Source: Japan Meteorological Agency (JMA)
Report for Taal
PHIVOLCS reported that an eruption at Taal continued during 7-13 July. A series of short-lived phreatomagmatic explosions were recorded at 0518, 0847, 0915, 0926, 1156, and 2141 on 7 July and jetted ash plumes as high has 700 m. Another series was recorded at 0647, 1806, 2121, 2150 on 8 July and 0259 on 9 July, jetting ash 200 m high.

During 7-13 July daily plumes of steam and sulfur dioxide gas rose 1-1.5 km from the lake and drifted NW, W, and SW. Sulfur dioxide emissions averaged 4,149-11,397 tonnes/day. Low-level background tremor continued with as many as 185 volcanic earthquakes and 44 low-frequency volcanic earthquakes recorded per day. There were also 5-176 daily episodes of volcanic tremor, each lasting between 1 and 97 minutes. The network also detected 2-10 daily hybrid earthquakes during 6-9 July. The DROMIC report stated that 10,408 people were in evacuation centers or private residences by 12 July. The Alert Level remained at 3 (on a scale of 0-5) and PHIVOLCS reminded the public that the entire Taal Volcano Island is a Permanent Danger Zone (PDZ) and to not enter the high-risk barangays of Agoncillo and Laurel. Activities on Taal Lake were strictly prohibited.
Sources: Philippine Institute of Volcanology and Seismology (PHIVOLCS), Disaster Response Operations Monitoring and Information Center (DROMIC)
Report for Aira
JMA reported that very small eruptive events were occasionally recorded at Minamidake Crater (at Aira Caldera’s Sakurajima volcano). Crater incandescence was visible at night during 9-12 July. The Alert Level remained at 3 (on a 5-level scale), and residents were warned to stay 2 km away from the crater.
Source: Japan Meteorological Agency (JMA)
Report for Dukono
Based on satellite and wind model data, the Darwin VAAC reported that during 8 and 11-13 July ash plumes from Dukono rose to 2.1 km (7,000 ft) a.s.l. and drifted N, NW, W, and SW. The Alert Level remained at 2 (on a scale of 1-4), and the public was warned to remain outside of the 2-km exclusion zone.
Sources: Darwin Volcanic Ash Advisory Centre (VAAC), Pusat Vulkanologi dan Mitigasi Bencana Geologi (PVMBG, also known as CVGHM)
Report for Ebeko
According to volcanologists in Severo-Kurilsk (Paramushir Island), about 7 km E of Ebeko, explosions during 2, 4, and 6-8 July produced ash plumes that rose as high as 3 km (10,000 ft) a.s.l. and drifted E and SE. A thermal anomaly was identified in satellite images during 5-7 July. The Aviation Color Code remained at Orange (the second highest level on a four-color scale).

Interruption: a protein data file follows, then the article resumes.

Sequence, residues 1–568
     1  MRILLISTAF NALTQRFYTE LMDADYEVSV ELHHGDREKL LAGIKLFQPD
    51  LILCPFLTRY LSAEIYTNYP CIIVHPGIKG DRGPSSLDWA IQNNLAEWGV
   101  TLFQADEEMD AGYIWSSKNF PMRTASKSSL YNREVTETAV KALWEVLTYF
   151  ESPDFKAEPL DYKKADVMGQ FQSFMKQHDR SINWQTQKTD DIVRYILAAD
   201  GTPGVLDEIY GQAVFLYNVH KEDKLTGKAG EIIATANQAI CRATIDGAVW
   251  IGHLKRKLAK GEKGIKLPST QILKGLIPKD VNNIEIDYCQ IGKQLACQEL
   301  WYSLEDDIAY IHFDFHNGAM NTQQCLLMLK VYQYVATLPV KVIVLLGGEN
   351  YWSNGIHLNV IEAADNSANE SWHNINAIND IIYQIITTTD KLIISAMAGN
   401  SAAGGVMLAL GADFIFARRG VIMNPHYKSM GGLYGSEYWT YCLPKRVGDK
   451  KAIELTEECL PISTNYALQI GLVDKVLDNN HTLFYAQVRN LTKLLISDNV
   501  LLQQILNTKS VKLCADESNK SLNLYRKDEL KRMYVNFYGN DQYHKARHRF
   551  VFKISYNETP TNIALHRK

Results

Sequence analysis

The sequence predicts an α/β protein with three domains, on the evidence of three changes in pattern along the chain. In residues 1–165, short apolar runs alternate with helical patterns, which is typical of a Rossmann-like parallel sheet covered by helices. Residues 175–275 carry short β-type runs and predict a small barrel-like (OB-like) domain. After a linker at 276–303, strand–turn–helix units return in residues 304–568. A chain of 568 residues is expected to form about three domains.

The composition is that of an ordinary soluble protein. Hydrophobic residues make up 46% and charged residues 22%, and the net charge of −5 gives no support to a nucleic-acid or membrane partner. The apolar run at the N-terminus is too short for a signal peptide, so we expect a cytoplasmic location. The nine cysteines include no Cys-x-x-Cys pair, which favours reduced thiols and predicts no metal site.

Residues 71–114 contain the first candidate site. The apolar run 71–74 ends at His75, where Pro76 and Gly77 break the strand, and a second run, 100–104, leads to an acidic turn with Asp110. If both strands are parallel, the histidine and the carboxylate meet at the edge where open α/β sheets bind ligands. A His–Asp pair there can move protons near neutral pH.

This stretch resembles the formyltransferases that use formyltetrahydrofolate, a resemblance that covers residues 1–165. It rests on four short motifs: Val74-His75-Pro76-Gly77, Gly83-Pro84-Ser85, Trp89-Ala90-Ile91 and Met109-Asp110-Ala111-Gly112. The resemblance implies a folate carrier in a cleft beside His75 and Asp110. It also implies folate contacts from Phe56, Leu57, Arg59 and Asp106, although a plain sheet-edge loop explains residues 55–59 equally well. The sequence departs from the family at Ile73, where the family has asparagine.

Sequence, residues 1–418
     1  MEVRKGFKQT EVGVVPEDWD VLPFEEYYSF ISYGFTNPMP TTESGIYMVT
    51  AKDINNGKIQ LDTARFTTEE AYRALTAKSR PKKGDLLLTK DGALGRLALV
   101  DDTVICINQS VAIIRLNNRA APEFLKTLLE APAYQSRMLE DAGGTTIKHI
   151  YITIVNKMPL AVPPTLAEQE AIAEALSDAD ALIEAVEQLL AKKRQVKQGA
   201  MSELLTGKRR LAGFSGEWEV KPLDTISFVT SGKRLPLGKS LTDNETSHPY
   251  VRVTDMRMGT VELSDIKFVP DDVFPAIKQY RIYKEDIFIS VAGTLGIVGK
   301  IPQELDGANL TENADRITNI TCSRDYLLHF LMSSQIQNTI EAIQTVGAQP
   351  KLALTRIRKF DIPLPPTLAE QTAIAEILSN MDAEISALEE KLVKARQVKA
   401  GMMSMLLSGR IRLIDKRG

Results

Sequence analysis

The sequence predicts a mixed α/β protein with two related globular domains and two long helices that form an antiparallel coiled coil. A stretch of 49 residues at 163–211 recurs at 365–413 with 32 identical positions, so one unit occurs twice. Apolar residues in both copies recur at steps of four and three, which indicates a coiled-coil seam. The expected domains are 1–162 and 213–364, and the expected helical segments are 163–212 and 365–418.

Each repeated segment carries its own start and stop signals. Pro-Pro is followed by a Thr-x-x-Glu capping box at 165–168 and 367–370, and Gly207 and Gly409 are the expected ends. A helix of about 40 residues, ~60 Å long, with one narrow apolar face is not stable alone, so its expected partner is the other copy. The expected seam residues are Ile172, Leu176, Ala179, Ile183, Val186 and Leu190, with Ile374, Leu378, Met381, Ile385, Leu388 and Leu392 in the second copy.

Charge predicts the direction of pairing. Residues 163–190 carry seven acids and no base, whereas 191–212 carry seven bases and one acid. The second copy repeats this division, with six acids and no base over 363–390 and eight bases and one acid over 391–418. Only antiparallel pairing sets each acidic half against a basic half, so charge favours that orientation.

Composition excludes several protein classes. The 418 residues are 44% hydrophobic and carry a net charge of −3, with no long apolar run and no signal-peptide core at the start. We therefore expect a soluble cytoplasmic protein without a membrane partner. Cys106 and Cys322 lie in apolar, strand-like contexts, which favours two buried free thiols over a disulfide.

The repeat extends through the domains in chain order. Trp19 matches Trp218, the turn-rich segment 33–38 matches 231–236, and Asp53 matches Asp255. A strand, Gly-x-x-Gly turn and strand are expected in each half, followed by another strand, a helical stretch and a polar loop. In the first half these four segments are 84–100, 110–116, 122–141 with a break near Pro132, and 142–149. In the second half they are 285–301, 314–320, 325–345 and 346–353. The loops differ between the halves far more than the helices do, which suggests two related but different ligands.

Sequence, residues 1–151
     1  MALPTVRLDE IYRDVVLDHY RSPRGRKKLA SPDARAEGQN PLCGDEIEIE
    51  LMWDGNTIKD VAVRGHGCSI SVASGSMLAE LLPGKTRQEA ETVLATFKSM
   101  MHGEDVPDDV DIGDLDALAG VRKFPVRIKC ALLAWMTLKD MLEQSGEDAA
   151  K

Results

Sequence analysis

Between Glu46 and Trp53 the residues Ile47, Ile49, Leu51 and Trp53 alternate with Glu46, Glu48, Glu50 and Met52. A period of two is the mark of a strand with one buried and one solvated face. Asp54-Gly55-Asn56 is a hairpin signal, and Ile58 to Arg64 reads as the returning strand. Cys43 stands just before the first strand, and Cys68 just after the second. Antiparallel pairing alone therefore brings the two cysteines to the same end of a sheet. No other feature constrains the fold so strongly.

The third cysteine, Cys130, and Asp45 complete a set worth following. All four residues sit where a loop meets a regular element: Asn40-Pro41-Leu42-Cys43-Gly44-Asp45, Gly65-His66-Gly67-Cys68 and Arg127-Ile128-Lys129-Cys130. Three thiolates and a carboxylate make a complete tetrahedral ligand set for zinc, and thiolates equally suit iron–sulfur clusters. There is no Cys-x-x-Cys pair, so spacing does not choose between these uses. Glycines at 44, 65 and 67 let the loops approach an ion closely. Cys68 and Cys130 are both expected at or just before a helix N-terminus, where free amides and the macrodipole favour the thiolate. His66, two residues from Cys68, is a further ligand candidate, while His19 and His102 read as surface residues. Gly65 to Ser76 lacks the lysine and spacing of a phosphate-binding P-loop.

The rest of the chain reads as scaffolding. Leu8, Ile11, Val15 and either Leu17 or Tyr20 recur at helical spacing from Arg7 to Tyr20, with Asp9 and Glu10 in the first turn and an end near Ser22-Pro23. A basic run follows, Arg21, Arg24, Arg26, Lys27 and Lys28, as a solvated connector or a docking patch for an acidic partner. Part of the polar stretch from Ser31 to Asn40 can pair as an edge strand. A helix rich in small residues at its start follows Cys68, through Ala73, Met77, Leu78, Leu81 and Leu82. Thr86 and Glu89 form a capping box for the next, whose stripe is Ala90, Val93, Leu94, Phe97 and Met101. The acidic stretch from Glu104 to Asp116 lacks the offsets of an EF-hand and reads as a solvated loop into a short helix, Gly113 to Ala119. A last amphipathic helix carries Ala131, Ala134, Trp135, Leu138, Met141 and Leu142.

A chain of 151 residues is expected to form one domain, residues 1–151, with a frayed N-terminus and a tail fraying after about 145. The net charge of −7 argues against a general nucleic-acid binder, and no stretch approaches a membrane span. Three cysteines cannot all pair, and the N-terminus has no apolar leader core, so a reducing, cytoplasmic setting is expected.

Source: Kamchatkan Volcanic Eruption Response Team (KVERT)
Report for Etna
INGV reported continuing Strombolian activity and two episodes of lava fountaining Etna’s Southeast Crater (SEC) during 5-11 July. The first episode began at 1130 on 6 July with Strombolian activity at SEC. The intensity and frequency of explosions progressively intensified and formed lava fountains. Ash plumes rose to 1.5 km (5,000 ft) a.s.l. and drifted S, causing ashfall in areas downwind. A small lava flow originated from the S side of the cone and traveled SW, stopping at 2,800 m elevation. During fieldwork on 7 July scientist observed deposits of bombs, 1 m in diameter, on the N flank and smaller bombs scattered farther away. A second episode began at 2100 on 8 July with Strombolian activity which again intensified and formed lava fountains. Ash plumes rose to 3.4 km (11,000 ft) a.s.l. and drifted SE, causing ashfall in downwind areas. Lava flowed SW to 2,350 m elevation.
Source: Sezione di Catania - Osservatorio Etneo (INGV)
Report for Karymsky
KVERT reported that a thermal anomaly over Karymsky was idenitifed in satellite images during 5-8 July and ash plumes were visible drifting 60 km W and E during 6-8 July. The Aviation Color Code remained at Orange (the second highest level on a four-color scale).
Source: Kamchatkan Volcanic Eruption Response Team (KVERT)
Report for Krysuvik-Trolladyngja
The fissure eruption in the W part of the Krýsuvík-Trölladyngja volcanic system, close to Fagradalsfjall on the Reykjanes Peninsula, continued during 7-13 July. Lava fountaining and overflows from the fifth vent were sometimes visible, and lava from the crater flowed in tubes as well as on the surface. Visible activity at the vent occasionally paused for various lengths of time, though sub-surface lava likely continued flowing through the tube system. Weather conditions prevented views of the crater on some days and also created hazardous conditions. The Aviation Color Code remained at Orange due to the lack of ash and tephra emissions, though IMO warned of the potential for lapilli and scoria fallout within a 650 m radius of the active vent. Authorities warned of increased gas emissions hazards.
Sources: Icelandic Meteorological Office (IMO), Icelandic National Broadcasting Service (RUV), Icelandic National Broadcasting Service (RUV)
Report for Lewotolok
PVMBG reported that daily white-and-gray plumes from Lewotolok rose as high as 1.1 km and drifted SW, W, and NW during 6-12 July. Incandescent material was ejected from the summit vent on 6, 8, and 10 July; on 6 July material landed as far as 300 m away. The Darwin VAAC noted that on 7 July an ash plume rose 2.7 km (9,000 ft) a.s.l. and drifted E, based on satellite data and information from PVMBG. The Alert Level remained at 3 (on a scale of 1-4) and the public was warned to stay 3 km away from the summit crater.
Sources: Pusat Vulkanologi dan Mitigasi Bencana Geologi (PVMBG, also known as CVGHM), Darwin Volcanic Ash Advisory Centre (VAAC)